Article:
Pewterers’ Banner 1788 supporting the Constitution of the United States
This Pewterers’ Banner from 1788 was carried in parades by the men in the Pewterer’s Guild of New York.
This banner was made for the Pewterers who were amongst the 5,000 people who paraded in New York City in 1788, to celebrate the new Constitution of the United States.
There were many banners and floats in the parade, but this Pewterer’s banner is the only surviving artifact from that day. The flag is a painted silk banner with a fringe on the top, bottom, and right side.
The parade represented widespread support for the new Constitution of the United States.
The parade enthusiasm would have helped the state representatives to quickly finalize their debate because the next day, the New York State assembly ratified the Constitution.
Similar parades were held in cities such as Baltimore, Charleston, Philadelphia, and Boston.
On the top left side is an American flag with 13 stars, one for each state in the new union.
Below the banner is the Pewterer’s coat of arms and their motto: “SOLID AND PURE.” On the right side, there are four workers making pewter objects under the wording: “SOCIETY of PEWTERERS.”
Above them is an inscription that expresses the hopes of the Pewterers for the new nation. It reads:
“The Federal Plan most solid & secure
Americans their freedom will ensure
All arts shall flourish in Columbia’s Land
and all her sons join as one social band.”
The Pewterers worked with pewter, which is a malleable metal alloy of tin together with metals like copper or zinc. Silver is also sometimes used, and it has a low melting point, depending on the exact mixture of metals.
Pewter was used in the ancient world and came into extensive use in Europe from the Middle Ages.
Pewter items are often found in churches and were extensively used for domestic and commercial tableware such as plates and spoons and tankards. Mass production of pottery, porcelain, and glass products has seen pewter universally replaced in day-to-day life.
Constitution of the United States
The Constitution of the United States is the supreme law of the United States of America. It is the oldest written and codified national constitution still in force. The Constitution, originally comprised of seven articles.
- Article One and Two: The separation of powers, whereby the federal government is divided into three branches: the legislative, consisting of the bicameral Congress, the executive, consisting of the president and the judicial, consisting of the Supreme Court and other federal courts
- Article Three, Four, Five, and Six: Embody concepts of federalism, describing the rights and responsibilities of state governments, the states in relationship to the federal government, and the shared process for constitutional amendments.
- Article Seven: establishes the procedure subsequently used by the thirteen States to ratify it.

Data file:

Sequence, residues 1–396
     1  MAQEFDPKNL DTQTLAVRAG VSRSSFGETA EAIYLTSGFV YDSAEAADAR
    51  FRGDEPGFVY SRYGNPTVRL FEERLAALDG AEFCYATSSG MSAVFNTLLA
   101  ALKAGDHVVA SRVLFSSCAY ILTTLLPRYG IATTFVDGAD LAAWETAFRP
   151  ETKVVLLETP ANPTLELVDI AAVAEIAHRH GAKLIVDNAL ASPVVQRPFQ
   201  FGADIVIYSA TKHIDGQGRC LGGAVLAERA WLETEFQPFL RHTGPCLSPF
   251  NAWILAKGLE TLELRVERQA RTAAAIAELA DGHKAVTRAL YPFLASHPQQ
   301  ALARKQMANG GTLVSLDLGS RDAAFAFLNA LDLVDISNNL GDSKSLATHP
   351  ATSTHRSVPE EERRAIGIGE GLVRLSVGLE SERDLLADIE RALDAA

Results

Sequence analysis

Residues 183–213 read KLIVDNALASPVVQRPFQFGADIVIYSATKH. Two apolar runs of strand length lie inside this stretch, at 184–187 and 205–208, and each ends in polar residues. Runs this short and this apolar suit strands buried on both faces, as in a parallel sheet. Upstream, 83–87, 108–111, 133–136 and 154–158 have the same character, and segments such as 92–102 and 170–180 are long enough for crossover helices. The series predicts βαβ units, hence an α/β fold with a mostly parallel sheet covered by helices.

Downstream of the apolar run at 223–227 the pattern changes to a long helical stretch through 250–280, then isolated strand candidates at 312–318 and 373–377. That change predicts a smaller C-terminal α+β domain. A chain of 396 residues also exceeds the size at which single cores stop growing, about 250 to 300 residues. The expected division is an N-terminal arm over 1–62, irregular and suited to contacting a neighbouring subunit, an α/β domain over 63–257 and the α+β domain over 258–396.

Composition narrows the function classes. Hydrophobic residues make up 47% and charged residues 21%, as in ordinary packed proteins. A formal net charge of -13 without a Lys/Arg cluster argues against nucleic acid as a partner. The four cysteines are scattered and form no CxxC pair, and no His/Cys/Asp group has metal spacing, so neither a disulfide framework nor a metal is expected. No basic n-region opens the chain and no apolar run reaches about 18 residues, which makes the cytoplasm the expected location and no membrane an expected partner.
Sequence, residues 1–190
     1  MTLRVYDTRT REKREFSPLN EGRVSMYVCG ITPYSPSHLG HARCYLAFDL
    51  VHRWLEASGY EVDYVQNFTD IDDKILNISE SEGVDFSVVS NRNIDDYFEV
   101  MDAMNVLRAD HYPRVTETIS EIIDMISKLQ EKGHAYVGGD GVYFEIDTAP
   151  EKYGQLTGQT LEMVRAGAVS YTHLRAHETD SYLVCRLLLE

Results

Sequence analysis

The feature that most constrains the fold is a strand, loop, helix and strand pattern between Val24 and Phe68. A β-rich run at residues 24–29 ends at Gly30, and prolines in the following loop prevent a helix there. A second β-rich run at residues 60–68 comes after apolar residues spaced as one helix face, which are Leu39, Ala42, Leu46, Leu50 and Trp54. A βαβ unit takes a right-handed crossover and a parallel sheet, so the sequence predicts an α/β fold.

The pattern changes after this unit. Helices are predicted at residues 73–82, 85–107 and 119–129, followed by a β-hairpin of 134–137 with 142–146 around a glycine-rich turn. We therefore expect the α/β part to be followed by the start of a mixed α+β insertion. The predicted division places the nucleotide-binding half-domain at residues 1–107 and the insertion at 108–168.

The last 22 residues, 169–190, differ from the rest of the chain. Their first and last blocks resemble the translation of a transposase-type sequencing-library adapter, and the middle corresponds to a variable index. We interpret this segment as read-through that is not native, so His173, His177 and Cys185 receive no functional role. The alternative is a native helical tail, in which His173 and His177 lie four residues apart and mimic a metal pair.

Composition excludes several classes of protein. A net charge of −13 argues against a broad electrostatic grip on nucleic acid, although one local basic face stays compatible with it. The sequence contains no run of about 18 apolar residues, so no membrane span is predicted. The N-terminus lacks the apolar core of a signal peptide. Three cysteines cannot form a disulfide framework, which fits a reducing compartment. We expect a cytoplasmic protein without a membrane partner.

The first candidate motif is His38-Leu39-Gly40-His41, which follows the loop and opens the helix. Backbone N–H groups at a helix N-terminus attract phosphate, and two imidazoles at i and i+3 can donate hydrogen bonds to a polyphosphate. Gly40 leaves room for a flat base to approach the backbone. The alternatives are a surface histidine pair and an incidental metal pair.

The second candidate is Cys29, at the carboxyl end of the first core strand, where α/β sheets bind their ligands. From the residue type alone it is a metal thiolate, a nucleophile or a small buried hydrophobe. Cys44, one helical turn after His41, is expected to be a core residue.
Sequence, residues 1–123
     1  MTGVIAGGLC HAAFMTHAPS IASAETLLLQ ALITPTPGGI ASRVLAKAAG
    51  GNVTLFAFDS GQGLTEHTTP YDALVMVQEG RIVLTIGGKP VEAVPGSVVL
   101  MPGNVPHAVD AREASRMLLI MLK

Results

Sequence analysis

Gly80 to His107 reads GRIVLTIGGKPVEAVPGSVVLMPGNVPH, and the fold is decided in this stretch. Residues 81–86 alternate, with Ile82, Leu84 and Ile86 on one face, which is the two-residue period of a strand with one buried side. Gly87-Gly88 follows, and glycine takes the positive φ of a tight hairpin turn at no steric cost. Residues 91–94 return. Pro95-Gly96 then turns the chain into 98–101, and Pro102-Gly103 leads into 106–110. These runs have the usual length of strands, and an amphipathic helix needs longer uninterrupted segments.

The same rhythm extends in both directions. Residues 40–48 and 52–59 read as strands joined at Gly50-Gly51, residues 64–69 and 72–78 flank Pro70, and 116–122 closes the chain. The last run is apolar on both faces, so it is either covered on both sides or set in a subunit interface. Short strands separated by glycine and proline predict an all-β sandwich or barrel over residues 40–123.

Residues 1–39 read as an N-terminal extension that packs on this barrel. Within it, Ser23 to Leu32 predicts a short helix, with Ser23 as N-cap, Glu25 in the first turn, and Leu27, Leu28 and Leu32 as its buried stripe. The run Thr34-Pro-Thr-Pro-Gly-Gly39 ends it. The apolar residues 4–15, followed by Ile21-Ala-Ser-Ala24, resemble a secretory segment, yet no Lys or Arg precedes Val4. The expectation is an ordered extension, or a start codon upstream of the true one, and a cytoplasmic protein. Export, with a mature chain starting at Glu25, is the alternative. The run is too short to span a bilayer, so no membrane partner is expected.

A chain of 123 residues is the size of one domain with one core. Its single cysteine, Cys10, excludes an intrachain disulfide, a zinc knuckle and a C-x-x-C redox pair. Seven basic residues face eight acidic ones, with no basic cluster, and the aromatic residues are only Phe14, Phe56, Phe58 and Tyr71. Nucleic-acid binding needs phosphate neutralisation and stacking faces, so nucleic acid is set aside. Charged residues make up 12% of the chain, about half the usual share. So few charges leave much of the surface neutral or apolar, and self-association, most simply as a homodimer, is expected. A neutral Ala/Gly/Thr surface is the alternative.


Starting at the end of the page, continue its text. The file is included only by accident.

Since the Constitution came into force in 1789, it has been amended 27 times. Included was an amendment to repeal a previous one, to meet the needs of a nation that has profoundly changed since the eighteenth century.
In general, the first ten amendments, known collectively as the Bill of Rights, offer specific protections of individual liberty and justice and place restrictions on the powers of government. The majority of the seventeen later amendments expand individual civil rights protections.
The Constitution did not initially define who was eligible to vote, allowing each state to determine who was eligible.
Until the Reconstruction Amendments were adopted between 1865 and 1870, the five years immediately following the Civil War, the Constitution did not abolish slavery, nor give citizenship and voting rights to former slaves.
These amendments did not include a specific prohibition on discrimination based on sex. It took another amendment – the Nineteenth ratified in 1920 – for the Constitution to prohibit any United States citizen from being denied the right to vote based on sex.
The Thirteen Colonies Flag
The Thirteen Colonies Flag was an early design of the flag of the United States, based on a variant of the flag made by Betsy Ross.
The pattern, which was in use as early as 1777, uses the themes of the alternating red-and-white striped area with thirteen stars in a circle on a blue canton.
Its distinguishing feature is thirteen 5-pointed stars arranged in a circle to represent the unity of the Thirteen Colonies. As a historic U.S. flag, it has long been a popular symbol of American patriotism.
Pewterers’ Banner 1788
- Title: Pewterers’ Banner
- Year: 1788
- Material: Silk, paint
- Dimensions: 92 x 120 x 2 3/4 in. (233.7 x 304.8 x 7 cm)
- Museum: New-York Historical Society
Pewterer’s Society Banner
“Three Myths about the Constitutional Convention”
A Tour of the New-York Historical Society
- “Tontine Coffee House, N.Y.C.” by Francis Guy
- Saint-Gaudens Double Eagle, 1933
- Pewterers’ Banner 1788
- Benjamin Franklin Bust
- Tiffany Lamps by Clara Driscoll & Louis Comfort Tiffany
The People Debate the Constitution, 1787-1788
A Tour of New York’s Museums
- Metropolitan Museum of Art – MET
- Museum of Modern Art, NYC
- Intrepid, Sea, Air & Space Museum
- Neue Galerie New York
- The Cloisters
- Solomon R. Guggenheim Museum
- American Museum of Natural History
- Museum of the City of New York
- New-York Historical Society
- Frick Collection
- Met Breuer
- Rubin Museum of Art
- Whitney Museum of American Art
- Brooklyn Museum
Americans Debate the Constitution, 1787 – 1788
“Our Constitution was made only for a moral and religious people.
It is wholly inadequate to the government of any other.”
– John Adams
Photo Credit: JOM